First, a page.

Three Stars (2010)//
Original title: Drei Sterne – Die Köche und die Sterne
Release date: September 21, 2012
Directed by: Lutz Hachmeister
Cast: Yannick Alléno, Elena Arzak, Juan Maria Arzak, Sven Elderfeld, Sergio herman, Hideki Ishikawa, Jean-Luc Naret, Jean Georges Vongerichten, Olivier Roellinger, Nadia Santini, René Redzepi
Whether or not you are the type of person who pays attention to food critics, you have probably heard of that sacred publication, holiest of all grails for most aspiring and confirmed chefs: the Michelin Guide. This best-selling series of city restaurants guides is one of the most respected in the world and the stars it awards can make or break businesses, men and women.
Three Stars is Lutz Hachmeister’s attempt to lift the veil surrounding the world of those who managed to climb to the pedestal that two or three Michelin stars represent. This 83-minute documentary is an awe-inspiring waltz from one city to another and, more importantly, from one chef to another.
Hachmeister shadowed and interviewed ten chefs from eight different countries. His camera shows us how frenetically these great individuals live from dawn to midnight, all for the sake of their passion and quest for perfection. However, this frantic search for the right ingredients and the right way to serve them seems to be the only thing those chefs have in common because like all arts, cuisine is highly individualistic. Their specialties, approaches to restaurant and team management, and visions of cuisine differ vastly.
While the title and synopsis may suggest the opposite, I find that Three Stars is more a composite portrait of who a “top chef” may be, than it is an exposé of the star granting process or of its aftermath. Even though Michelin Guide director Jean Luc Naret gets a fair amount of screen time, the film’s real stars are the chefs and their profound work ethic. We soon come to understand that, at the highest levels of the game, food and customer satisfaction matter more than the Red Guide’s stars.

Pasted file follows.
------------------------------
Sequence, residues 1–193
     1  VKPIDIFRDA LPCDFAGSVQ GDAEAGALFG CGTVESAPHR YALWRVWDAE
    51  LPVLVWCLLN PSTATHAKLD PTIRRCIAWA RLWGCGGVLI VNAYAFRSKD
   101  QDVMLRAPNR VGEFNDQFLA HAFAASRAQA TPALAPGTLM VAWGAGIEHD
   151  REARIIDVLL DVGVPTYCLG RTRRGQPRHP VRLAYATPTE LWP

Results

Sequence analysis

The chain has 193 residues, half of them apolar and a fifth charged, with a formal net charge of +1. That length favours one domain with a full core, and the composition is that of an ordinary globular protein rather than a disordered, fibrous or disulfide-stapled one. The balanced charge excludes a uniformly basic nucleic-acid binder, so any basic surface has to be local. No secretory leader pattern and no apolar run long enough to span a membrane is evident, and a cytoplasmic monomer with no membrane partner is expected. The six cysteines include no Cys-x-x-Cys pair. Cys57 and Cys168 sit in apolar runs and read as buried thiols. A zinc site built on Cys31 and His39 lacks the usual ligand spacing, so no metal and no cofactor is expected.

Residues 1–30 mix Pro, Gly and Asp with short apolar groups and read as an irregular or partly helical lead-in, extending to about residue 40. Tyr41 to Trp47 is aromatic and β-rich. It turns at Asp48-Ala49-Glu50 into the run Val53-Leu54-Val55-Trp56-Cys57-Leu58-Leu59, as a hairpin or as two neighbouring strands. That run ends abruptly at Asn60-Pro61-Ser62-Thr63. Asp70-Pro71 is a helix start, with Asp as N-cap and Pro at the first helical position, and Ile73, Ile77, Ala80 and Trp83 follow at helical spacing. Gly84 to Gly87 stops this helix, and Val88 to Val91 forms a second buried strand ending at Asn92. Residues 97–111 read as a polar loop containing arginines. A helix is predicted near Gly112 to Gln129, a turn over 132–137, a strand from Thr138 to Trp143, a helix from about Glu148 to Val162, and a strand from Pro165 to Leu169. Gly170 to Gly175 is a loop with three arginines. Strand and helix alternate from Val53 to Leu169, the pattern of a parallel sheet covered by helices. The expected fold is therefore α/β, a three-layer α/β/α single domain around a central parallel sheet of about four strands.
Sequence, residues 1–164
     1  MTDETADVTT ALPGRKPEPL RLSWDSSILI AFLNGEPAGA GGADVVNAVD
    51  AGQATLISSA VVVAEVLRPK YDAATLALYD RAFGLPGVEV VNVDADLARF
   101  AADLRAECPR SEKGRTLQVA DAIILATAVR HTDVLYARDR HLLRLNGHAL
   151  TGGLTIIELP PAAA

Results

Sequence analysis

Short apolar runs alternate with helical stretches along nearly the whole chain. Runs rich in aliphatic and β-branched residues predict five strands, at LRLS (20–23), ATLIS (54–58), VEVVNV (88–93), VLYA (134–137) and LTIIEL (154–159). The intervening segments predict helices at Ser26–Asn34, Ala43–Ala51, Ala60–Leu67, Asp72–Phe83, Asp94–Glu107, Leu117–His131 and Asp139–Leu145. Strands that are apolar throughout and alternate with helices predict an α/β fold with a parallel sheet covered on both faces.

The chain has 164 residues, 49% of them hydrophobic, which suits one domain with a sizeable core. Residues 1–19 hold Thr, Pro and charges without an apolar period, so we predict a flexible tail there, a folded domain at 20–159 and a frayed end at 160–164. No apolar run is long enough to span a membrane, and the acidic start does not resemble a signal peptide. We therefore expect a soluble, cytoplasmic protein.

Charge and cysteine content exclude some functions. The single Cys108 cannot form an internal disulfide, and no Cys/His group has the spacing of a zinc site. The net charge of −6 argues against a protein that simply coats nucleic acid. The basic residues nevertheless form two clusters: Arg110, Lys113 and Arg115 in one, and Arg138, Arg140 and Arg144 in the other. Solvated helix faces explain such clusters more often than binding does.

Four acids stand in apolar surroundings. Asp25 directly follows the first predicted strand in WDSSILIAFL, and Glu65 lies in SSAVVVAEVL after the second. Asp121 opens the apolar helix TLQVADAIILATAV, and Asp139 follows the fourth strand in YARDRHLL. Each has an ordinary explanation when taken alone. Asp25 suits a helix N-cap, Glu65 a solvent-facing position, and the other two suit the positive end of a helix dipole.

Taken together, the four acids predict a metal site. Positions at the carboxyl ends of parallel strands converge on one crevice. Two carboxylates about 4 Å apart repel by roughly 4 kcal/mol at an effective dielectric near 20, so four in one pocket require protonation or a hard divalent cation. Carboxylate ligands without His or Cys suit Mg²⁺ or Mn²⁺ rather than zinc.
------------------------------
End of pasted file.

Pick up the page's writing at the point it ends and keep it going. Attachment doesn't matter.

Hachmeister shows us how personal and commercial success depends on the chef’s level of dedication to his patrons, the quality of his relationship with his suppliers and cooks, and the acuity of his business acumen. Most importantly, he subtly highlights the common denominator to all great artists which, to me, is an unwavering faith in their own vision of their craft.
No stone is left unturned: ingredient sourcing, customer management, team leadership style, restaurant economics, and personal philosophy are all explored. Hachmeister’s shots are flickering but even though they take some getting used to, they are surprisingly seamless. As a whole, Three Stars is very cohesive and manages to hold the interest from beginning to end. For my part, I left the cinema with a renewed respect for this profession, hungry and full of inspiration.
Part of the 2012 YAMYUM Food Blogathon.